“Any journey away from the room you’re sitting in will increase the potential for coming upon the unexpected and occasionally wonderful, but that’s not to equate travel with ultimate enlightenment or universal solutions….It helps, but that’s about all. I’ve learned that what I like about travel is that it doesn’t sort everything out. Actually it doesn’t sort anything out….It’s just that being in unfamiliar surroundings watching unfamiliar activity is something I find, on the whole, deeply refreshing.” — Michael Palin


My life is pretty strange. Lately, I started hanging out with a sixty year old stoner.

I took my lunch break yesterday on the eighteenth floor of a council housing flat overlooking Belgravia, London, having bought a mayo, tuna, and sweet corn baguette from the corner sandwich store. Its occupant is my friend’s dad, a very ill, gaunt hardcore drinker and smoker of pot, in his sixties. Growing up for my friend, with her dad a lush and a stoner, didn’t make life pleasant, but she’s now in her mid-thirties, and after going through plenty of self-development, has resolved her family issues. She visits her pop frequently, living a few blocks from him. I wasn’t quite sure what to expect when she asked if I’d be interested in going up there with her.

Inside the haphazardly-decorated flat, it’s smoky. The television’s always on, and Dave, my friend’s father, sits in his easy chair. His friends all have rough east end London accents, and so does he. They are weathered-looking individuals with no pretensions and devil-may-care dress sense; I’m aware that I resemble a rare and exotic bird amidst the dulled sofa cushions, with my fuchsia lipstick and bright pink scarf. As out of place as I know I am, my life’s trained me to relax and feel comfortable among the unfamiliar. My friend’s father is gently nursing a beer. It’s three in the afternoon.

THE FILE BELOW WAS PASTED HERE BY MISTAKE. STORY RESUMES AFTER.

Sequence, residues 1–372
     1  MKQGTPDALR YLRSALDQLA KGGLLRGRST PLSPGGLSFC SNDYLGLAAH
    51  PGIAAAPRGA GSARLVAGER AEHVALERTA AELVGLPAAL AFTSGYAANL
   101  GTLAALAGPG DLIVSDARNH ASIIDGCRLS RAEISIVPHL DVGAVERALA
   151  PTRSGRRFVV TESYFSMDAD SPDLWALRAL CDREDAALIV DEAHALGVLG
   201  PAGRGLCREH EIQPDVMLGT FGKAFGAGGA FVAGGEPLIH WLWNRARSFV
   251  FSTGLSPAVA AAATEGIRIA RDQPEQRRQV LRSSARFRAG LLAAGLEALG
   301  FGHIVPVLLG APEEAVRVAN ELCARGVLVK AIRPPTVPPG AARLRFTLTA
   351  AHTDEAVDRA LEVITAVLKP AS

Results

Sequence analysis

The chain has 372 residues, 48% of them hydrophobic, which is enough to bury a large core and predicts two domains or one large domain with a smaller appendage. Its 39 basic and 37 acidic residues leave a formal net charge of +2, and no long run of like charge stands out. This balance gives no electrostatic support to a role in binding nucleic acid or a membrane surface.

He gets up and brews me a cup of tea, and I compliment the drink with a roll of chocolate-covered rich tea biscuits. Then he rolls me a spliff, emphasising that it’s all mine. “We don’t share our spliffs here,” he said. It’s clear he’s had many years to perfect the ratio of tobacco to weed, and to understand the width of the roach end to length of Rizla paper. Quite frankly, I’ll puff anywhere, anytime, and one of the things I discovered about myself was that I pursue smoking out anywhere in my world travels. It feels good to get away with it and shock the system out of familiarity. So here I was, sunk into an untidy room, its occupants a good two decades older than I, Bob Dylan’s “Blonde on Blonde” album playing, with a muted British imperial war drama on the telly.

The spliff is really smooth, and the weed a gentle body high that plateaus evenly. I start laughing a lot more. I’ve always treated weed slightly differently to its usual use: instead of using it to disengage from life, I use it to enhance. Even to challenge my normal routine. For example, I knew that after this one spliff, I’d have to go give a ninety minute massage in a yoga studio ten minutes walking distance. Being in the presence of people I needed an introduction into was another. The curiousity of experiencing life in an altered state provides amusement to me, rather than paranoia.

That’s how my life has consistently been: being in a roomful of people with which I feel open and friendly towards, but knowing that mingling with them was not the norm. Hanging out with Dave and his mates is just another instance: scene one, take gazillion and one. I’m comfortable with feeling like an outsider, and the weed gave us a topic to chat about. I’ve hung out with typical stoners, but never an aged stoner old enough to be my father. There are worse ways to spend one’s lunch break, eh?

Erica, 34, London UK